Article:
October 29, 2014
We spent a lot of this month continuing work on the CenJaguar project (Censo de Jaguar), a short-term national census of jaguars initiated by CONANP and coordinated through Anta-Balam. The Northern Jaguar Reserve participated in the census by having 25 motion-triggered cameras on the reserve for a five-week period. The hikes to these sites were long and physically draining. We were glad to have Laqui and Luis Alberto’s help with both these and our own regular cameras we maintain on the reserve.
During our visit to Los Pavos, a strong rain cooled the air and filled the arroyos with plenty of water. The rains have been frequent this year, and they are continuing even though the summer rains typically end in mid-September. We noticed a change in weather on this trip to our benefit. The drop in temperature has made our work less tedious. During the day the temperature can still reach 95° Fahrenheit, yet the nights are cool. Everything is full of life and the grasses continue to grow because of the rain.
We had several sightings of white-tailed deer (Odocoileus virginianus) and observed the velvet-covered antlers they carry this time of year. We also observed four American kestrel (Falco sparverius), a raptor we had not seen for at least three months. We are hoping to see more kestrels on our next trip. Another bird we heard while en route to the Arroyo Los Pavos was the military macaw (Ara militaris). The macaws arrive every year to nest at a site called Cajón Los Pavos, and this year was no exception. Even though there is an abundance of birds on the reserve, once winter comes, many of the migratory birds that arrived in the summer will head south. For now, we are enjoying their presence.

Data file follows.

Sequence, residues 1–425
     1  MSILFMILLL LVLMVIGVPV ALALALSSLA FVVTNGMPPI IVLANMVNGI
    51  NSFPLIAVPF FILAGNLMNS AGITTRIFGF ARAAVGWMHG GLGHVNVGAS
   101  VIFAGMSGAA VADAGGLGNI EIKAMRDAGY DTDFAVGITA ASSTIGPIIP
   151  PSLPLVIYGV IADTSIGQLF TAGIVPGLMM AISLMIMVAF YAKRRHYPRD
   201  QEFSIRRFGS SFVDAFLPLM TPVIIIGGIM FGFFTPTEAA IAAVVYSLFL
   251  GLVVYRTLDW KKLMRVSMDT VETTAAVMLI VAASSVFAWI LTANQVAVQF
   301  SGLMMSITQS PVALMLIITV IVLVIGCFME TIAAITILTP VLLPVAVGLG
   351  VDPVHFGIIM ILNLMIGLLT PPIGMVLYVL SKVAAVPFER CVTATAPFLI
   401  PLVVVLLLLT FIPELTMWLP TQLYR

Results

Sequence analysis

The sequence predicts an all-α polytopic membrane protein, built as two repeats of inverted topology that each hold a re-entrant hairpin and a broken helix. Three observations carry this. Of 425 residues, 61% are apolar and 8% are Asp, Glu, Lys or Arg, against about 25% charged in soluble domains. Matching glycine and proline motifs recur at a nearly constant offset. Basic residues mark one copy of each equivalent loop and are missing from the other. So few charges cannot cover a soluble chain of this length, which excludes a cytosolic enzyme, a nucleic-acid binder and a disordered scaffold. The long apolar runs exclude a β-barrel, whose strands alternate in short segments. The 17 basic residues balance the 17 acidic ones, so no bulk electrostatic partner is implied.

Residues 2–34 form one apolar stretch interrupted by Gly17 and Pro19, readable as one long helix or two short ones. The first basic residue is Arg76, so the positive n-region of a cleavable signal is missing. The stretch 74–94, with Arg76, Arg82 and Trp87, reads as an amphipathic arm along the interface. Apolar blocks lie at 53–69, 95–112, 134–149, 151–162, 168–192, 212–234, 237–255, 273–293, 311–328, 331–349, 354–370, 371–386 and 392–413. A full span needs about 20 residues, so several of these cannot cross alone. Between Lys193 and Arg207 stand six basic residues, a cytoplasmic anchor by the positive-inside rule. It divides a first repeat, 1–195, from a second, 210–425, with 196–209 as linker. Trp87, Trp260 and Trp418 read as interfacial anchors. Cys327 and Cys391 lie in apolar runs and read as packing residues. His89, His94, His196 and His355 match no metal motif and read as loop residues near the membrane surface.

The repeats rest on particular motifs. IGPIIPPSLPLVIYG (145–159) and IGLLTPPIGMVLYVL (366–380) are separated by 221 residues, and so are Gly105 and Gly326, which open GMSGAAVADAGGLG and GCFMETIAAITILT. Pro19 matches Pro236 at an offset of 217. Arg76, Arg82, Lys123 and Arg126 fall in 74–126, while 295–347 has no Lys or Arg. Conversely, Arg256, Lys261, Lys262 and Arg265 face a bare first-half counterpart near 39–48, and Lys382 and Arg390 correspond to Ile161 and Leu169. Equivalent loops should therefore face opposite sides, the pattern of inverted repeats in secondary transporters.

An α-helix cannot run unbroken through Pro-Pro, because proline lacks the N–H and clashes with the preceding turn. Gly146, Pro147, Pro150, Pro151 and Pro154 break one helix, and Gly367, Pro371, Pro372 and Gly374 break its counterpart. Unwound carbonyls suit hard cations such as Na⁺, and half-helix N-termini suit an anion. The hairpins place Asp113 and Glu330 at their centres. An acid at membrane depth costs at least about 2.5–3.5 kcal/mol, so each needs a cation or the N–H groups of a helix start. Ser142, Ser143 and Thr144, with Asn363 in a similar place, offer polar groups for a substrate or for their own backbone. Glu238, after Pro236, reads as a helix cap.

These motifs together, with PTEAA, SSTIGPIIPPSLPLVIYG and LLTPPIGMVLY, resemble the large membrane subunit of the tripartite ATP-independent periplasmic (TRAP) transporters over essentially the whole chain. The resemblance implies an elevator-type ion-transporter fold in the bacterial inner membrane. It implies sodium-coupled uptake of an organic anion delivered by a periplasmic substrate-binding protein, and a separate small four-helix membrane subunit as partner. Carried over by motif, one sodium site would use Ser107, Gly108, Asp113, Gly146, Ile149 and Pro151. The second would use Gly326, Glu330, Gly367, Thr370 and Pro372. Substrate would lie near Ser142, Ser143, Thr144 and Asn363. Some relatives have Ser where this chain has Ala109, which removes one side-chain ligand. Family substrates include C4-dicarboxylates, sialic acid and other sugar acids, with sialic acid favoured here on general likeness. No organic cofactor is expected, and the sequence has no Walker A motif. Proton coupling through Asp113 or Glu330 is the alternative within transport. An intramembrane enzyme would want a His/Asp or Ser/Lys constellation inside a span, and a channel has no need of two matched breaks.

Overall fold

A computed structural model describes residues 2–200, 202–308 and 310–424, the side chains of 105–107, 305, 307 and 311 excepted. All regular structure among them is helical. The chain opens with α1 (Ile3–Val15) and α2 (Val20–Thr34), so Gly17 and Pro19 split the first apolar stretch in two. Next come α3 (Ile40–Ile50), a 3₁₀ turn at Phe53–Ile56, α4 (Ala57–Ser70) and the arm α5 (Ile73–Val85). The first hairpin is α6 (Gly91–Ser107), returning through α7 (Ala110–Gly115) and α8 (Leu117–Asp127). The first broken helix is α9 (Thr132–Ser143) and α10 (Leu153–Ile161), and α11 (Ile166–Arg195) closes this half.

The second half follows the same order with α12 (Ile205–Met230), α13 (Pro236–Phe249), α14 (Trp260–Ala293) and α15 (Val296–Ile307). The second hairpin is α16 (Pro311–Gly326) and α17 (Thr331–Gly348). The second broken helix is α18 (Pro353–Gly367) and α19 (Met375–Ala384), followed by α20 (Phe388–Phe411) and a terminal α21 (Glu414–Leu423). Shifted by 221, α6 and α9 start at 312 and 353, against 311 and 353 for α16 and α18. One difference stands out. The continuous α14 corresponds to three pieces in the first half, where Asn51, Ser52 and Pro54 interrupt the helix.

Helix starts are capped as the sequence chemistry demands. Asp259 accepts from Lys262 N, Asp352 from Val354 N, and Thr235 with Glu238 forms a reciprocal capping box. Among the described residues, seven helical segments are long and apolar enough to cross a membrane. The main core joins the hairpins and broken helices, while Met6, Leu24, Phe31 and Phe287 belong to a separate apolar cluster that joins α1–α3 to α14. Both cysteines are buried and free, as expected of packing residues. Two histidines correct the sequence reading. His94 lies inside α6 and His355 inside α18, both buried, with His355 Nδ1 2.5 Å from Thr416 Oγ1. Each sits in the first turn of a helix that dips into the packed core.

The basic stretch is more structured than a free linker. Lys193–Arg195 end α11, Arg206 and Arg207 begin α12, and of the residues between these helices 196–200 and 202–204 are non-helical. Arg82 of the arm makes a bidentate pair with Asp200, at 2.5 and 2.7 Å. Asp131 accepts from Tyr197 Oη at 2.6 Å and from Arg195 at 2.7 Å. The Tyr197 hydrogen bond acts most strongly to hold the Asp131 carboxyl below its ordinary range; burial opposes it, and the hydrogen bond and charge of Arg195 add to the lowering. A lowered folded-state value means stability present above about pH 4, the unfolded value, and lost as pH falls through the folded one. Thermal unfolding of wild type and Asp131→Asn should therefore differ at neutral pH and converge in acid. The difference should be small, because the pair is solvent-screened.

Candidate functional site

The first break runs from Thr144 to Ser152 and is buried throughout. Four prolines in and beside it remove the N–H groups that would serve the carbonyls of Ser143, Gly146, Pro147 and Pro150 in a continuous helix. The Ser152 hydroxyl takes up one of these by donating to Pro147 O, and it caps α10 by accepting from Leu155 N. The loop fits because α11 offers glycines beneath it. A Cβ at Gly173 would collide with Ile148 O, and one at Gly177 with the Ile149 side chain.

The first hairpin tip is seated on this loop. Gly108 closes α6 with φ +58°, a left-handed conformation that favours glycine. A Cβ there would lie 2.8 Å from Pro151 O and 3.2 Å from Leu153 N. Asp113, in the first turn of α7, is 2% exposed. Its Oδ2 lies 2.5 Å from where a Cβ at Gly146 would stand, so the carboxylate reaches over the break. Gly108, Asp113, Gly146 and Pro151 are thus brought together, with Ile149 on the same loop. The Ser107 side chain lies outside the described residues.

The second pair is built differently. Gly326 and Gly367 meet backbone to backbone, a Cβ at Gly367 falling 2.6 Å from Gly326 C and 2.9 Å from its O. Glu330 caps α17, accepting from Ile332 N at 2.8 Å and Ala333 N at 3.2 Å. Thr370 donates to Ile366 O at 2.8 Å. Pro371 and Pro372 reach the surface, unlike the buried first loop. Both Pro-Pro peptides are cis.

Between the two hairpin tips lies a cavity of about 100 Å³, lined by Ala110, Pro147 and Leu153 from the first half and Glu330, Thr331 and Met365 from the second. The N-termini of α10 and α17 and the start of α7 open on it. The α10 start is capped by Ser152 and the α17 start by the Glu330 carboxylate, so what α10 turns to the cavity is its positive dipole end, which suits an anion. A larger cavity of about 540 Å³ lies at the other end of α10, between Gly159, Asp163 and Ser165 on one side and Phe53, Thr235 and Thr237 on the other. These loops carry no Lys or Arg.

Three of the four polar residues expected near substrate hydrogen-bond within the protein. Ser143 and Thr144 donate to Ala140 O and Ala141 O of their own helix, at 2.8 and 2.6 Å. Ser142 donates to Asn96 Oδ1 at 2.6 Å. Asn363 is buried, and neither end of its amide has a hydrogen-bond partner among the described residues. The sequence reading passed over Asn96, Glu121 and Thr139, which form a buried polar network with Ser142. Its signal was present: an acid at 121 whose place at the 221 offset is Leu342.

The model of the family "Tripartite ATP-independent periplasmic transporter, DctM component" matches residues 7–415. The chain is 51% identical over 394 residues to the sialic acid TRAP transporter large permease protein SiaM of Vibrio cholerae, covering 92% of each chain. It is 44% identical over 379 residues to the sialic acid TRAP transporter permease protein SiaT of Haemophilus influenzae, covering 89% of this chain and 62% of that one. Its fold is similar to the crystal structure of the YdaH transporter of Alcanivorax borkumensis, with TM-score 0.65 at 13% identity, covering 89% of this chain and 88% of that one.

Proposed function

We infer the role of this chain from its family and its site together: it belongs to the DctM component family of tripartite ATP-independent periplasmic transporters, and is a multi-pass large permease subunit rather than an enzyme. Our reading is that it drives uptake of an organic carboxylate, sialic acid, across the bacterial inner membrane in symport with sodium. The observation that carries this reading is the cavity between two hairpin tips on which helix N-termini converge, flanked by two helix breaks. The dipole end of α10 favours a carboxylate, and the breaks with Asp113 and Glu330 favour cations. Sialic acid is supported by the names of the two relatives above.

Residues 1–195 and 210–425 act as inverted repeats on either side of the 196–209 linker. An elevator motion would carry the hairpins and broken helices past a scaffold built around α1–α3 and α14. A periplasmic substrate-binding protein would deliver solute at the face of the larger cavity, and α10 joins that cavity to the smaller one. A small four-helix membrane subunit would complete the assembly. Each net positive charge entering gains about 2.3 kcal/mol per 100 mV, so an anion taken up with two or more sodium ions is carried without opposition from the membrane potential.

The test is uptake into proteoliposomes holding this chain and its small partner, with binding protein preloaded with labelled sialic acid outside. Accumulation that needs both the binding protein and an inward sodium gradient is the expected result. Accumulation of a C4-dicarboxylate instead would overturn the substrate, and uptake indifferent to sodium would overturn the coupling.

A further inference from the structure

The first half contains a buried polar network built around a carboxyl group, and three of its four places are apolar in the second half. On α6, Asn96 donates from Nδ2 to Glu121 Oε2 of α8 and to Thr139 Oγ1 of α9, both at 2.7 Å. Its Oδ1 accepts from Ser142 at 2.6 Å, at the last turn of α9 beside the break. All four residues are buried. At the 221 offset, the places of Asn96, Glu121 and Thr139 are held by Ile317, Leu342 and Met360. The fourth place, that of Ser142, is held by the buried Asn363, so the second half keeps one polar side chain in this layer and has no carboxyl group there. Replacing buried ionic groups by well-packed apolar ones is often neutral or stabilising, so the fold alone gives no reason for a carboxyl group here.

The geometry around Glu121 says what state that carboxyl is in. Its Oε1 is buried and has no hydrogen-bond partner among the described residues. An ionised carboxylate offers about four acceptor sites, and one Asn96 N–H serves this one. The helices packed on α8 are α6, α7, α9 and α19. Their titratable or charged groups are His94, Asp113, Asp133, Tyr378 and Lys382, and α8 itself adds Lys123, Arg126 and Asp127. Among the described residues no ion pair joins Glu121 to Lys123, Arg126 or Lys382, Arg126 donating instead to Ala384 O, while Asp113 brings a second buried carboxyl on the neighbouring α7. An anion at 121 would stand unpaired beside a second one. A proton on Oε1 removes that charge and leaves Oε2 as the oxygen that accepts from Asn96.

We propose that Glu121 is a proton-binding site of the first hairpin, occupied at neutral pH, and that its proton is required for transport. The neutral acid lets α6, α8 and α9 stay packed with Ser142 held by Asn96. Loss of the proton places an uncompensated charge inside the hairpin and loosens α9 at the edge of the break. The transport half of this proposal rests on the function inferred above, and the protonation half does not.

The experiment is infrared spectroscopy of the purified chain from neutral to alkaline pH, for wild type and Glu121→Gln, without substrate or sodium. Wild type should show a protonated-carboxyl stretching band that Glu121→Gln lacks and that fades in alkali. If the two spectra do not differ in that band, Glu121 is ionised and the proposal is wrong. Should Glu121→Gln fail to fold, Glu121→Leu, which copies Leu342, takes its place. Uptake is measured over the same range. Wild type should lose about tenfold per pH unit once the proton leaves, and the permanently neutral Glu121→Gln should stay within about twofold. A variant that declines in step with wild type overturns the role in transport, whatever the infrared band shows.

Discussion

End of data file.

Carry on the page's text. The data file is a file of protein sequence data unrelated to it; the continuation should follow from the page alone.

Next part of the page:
We next went to visit the Viviendo con Felinos ranches to check the memory cards and batteries for the motion-triggered cameras. During our trip, we discovered that the roads on a few of the ranches have deteriorated a great deal from the recent rain and access was difficult. Going toward Los Alisos, we came to an arroyo that was filled to capacity. We had to make a detour because the water was so high it would have been extremely dangerous to cross.
On the last two days of checking cameras, I had some health problems. I had a fever, and even though I was taking medicine and drinking herbal tea, my health was not improving. Fortunately, this was near the end of the trip and soon we were in Sahuaripa where I felt better and the fever did not return. I still don’t know what caused this, and I hope that it doesn’t happen again.
That is some of the news from the reserve and surrounding ranches this month. We look forward to bringing you more adventures from our next trip.
Until then friends,
Javier Valenzuela Amarillas has worked on the Northern Jaguar Reserve and Viviendo con Felinos ranches since 2012. As a jaguar guardian, he helps maintain an extensive network of motion-triggered cameras, inventory the ecological health of the land and water, and work with ranchers to support local wildlife.